Question 15: (i) mol KMnO4 = 0.0200 x 22.5 / 1000 = 0.00045,

mol Fe2+ = mol KMnO4 x 5 = 0.00225 in 25 cm3,

scaling up to 1 dm3, molarity of the original Fe2+ = 0.00225 x 1000 / 25.0 = 0.090 mol dm–3

(ii) the 2nd titration gives the total concentration of Fe2+ + Fe3+ because any Fe3+ has been reduced to Fe2+,

mol KMnO4 = 0.0200 x 37.6 / 1000 = 0.000752, total mol Fe2+ titrated = mol KMnO4 x 5 = 0.00376 in 25 cm3,

scaling up to 1 dm3, total molarity of  Fe2+ + Fe3+ in original solution = 0.00376 x 1000 / 25.0 = 0.150 mol dm –3,

so using the result from (a) the  Fe3+ concentration = 'Fe' total – Fe2+ = 0.150 – 0.090 = 0.060 mol dm–3.


Question 16: you can ignore the 25 cm3 of the solution because you use the same volume in each titration and you can work on the ratio of the moles of 'Fe' out of the (a) and (b) titration calculations.

(a) mol Fe2+ = 5 x MnO4– = 5 x 0.0200 x 16.9 / 1000 = 0.00169 mol = unreacted iron (which dissolved in the acid to form Fe2+).

(b) mol Fe3+ = EDTA = 0.100 x 17.6 / 1000 = 0.00176 mol = total mol iron in the sample titrated.

(c) calculation (a) gives the relative moles of unreacted iron Fe, as it dissolved to form the titratable Fe2+.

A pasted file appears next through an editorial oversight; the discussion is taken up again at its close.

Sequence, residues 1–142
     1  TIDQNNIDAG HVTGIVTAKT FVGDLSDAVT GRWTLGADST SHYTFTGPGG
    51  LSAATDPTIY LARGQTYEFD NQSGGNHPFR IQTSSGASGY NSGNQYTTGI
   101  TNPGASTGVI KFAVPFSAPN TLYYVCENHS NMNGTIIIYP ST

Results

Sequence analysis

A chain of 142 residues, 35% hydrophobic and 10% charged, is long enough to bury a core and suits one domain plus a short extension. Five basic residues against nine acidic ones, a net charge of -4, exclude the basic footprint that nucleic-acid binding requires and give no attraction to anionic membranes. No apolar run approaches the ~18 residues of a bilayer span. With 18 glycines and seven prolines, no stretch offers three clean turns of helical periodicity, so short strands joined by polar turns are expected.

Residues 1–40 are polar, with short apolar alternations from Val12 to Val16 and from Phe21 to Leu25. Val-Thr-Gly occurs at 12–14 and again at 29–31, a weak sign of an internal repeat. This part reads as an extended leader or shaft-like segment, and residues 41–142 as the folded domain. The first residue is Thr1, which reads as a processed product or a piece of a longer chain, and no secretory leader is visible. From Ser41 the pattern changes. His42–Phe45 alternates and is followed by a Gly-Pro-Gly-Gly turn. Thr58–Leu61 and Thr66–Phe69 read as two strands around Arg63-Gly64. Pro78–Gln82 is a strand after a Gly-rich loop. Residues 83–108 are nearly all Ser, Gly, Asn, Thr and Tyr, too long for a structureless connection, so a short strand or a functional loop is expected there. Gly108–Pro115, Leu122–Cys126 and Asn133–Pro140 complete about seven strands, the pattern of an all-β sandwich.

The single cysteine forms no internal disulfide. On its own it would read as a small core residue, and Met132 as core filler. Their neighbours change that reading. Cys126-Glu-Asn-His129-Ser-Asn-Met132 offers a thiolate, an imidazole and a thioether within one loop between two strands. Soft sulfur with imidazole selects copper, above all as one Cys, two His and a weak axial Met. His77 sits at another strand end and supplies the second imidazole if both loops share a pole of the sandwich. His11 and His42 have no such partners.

Calculation (b) gives the total of unreacted Fe + the rust i.e. Fe3+, because any Fe2+ formed from Fe has been oxidised to Fe3+.

So from the original mixture (in terms of the 25 cm3 sample), mol unreacted Fe = 0.00169,

mol of reacted iron = 0.00176 – 0.00169 = 0.00007.

Therefore the % rusted iron = 0.00007 x 100 / 0.00176 = 3.98 % rusted iron.


Question 17: (a) I2(aq) + 2S2O3(aq) ==> S4O6(aq) + 2I–(aq)

 or I2(aq) + 2Na2S2O3(aq) ==> Na2S4O6(aq) + 2NaI(aq)

(b) Starch indicator is used, starch gives a blue/black colour with iodine, this colour disappears when the last of the iodine is titrated, so a blue to colourless sharp end–point is observed.

(c) mole 'thio' = 0.100 x 17.6/1000 = 0.00176,

mol I2 = 0.00176 χ 2 = 0.00088 in 25 cm3,

scaling up gives 0.00088 x 1000 χ 25 = 0.0352 mol dm–3 for molarity of iodine,

formula mass I2 = 2 x 127 = 254, so concentration = 0.0352 x 254 = 8.94 g dm–3


Question 18: (a) Cr2O7(aq) + 14H+(aq) + 6I–(aq) ==> 2Cr3+(aq) + 3I2(aq) + 7H2O(l)

(b) 2S2O3(aq)  +  I2(aq)  ==>  S4O6(aq) + 2I–(aq)

(c) mol 'thio' = 20.0 x 0.100/1000 = 0.002,

Basic Chemistry Calculations Indextherefore from equation (b), mol iodine = mol 'thio'/2 = 0.001

(d) From equation (a) mol dichromate(VI) reacting = mol iodine liberated/3 = 0.000333 (3sf)

(e) Mr(K2Cr2O7) = 294.2

mass K2Cr2O7 titrated = 0.000333 x 294.2 =  0.0980 g (3 sf)

(f) Since the aliquot of 25.0 cm3 is 1/10th of the total solution in the flask, the total mass of the K2Cr2O7 in original sample dissolved in the flask solution = 10 x 0.0980g = 0.98g

and the % purity of the K2Cr2O7 = 0.98 x 100/1.01 = 97.0 % (3 sf)


 I DO MY BEST TO CHECK MY CALCULATIONS, as you yourself should do,  BUT I AM HUMAN! AND IF YOU THINK THERE IS A 'TYPO' or CALCULATION ERROR PLEASE EMAIL ME ASAP TO SORT IT OUT!